Healthcare Technology Featured Article

November 16, 2016

Taking e-Prescribing to the Next Level with the Structured and Codified Sig

Electronic prescribing (e-prescribing) is no longer in its infancy. Today, 80 percent of ambulatory physicians use this method to prescribe medications for their patients and send that information electronically to the pharmacy. However, e-prescribing patient safety benefits and efficiencies cannot be fully realized without increased use of functionalities that already exist in the National Council for Prescription Drug Programs (NCPDP) SCRIPT Standard v. 10.6. An example is the Structured and Codified Sig (short for Signatura). This part of the prescription communicates dosing instructions to the pharmacy that will then be conveyed to the patient. However, the Structured and Codified Sig is not used to its full potential. In fact, it is seldom used at all.

Work on the Structured and Codified Sig has been ongoing for more than a decade. With impetus from the government and a federal advisory group, a task group was convened to address the issue by NCPDP, which develops and maintains the SCRIPT standard. The idea was to standardize communication of dosing instructions within the e-prescribing process to create unambiguous and complete directions for the pharmacy filling the e-prescription. Other benefits include decreased opportunities for transcription errors and improved efficiencies and work flows for both prescribers and pharmacists. 

Despite the progress that has been made, the Structured and Codified Sig is rarely used by prescribers or supported by many electronic health records (EHRs) enabled for e-prescribing. Reasons include work-flow and technical challenges, as well as lack of user demand.

Workflow challenges. Work-flow challenges that serve as barriers to adoption still exist for the prescriber and pharmacy.

Currently, there are two ways for prescribers to indicate their dosing directions in e-prescribing using NCPDP SCRIPT v. 10.6. The first is a mandatory 140-byte free text field. The second is the additional optional use of separate fields that provide coded data for the various components of the instructions: the verb, route, dosage form, indication, vehicle, site, timing and duration. Most users simply prefer to enter whatever they want in the free text field.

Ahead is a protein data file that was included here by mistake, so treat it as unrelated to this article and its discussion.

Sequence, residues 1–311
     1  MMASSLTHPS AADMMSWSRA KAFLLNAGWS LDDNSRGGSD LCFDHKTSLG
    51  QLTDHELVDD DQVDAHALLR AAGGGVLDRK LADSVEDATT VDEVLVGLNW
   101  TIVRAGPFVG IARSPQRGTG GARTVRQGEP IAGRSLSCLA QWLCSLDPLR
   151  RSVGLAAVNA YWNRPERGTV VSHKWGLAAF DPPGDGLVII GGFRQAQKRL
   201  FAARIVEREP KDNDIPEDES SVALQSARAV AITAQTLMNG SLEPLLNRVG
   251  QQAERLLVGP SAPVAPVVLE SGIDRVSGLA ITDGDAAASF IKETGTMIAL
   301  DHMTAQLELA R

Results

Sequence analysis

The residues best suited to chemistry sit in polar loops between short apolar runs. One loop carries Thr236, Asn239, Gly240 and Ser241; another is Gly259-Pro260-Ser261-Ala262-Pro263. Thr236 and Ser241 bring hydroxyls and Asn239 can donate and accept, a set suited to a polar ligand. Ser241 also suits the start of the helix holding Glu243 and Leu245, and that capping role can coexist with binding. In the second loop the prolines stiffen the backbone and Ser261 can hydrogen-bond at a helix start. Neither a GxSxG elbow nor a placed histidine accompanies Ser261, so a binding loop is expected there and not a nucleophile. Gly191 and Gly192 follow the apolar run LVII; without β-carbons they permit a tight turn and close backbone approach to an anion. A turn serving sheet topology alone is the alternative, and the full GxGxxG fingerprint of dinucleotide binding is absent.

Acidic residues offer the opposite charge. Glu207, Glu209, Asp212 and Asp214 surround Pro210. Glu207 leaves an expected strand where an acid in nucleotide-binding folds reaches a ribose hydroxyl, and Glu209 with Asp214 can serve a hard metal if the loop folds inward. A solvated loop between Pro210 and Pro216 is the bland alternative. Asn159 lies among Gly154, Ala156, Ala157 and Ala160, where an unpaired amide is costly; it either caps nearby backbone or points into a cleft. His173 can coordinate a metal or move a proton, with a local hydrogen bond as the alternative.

Manually entering dosing instructions into the free text field is an efficiency issue for prescribers as well as for pharmacists, who must rekey the information from free text Sig into the pharmacy system once an e-prescription is received. This creates the potential for numerous time-consuming calls for clarification between pharmacists and physicians. All this manual entry and rework additionally open the door to errors and have implications for the quality and safety of patient care.

Technical challenges. Several technical challenges limit adoption of the Structured and Codified Sig. For example:

There is the complexity of the mandatory standardized, interoperable code sets for many of the Sig segment fields. SNOMED-CT was selected for all fields except one. The remaining field must be populated using federal medication terminologies and National Cancer Institute code set. Needless to say, this is a lot for vendors to understand and complex to program.

Sig builders are available in most e-prescribing-enabled EHRs. These include drop-down menus for common terms and favorites the prescriber can add. Once selected, however, this information is populated into the free text field, which can never be left blank. Even though the data are already being created by the prescriber in individual fields, most EHRs lack the ability to transfer the same data into the codified Sig segment.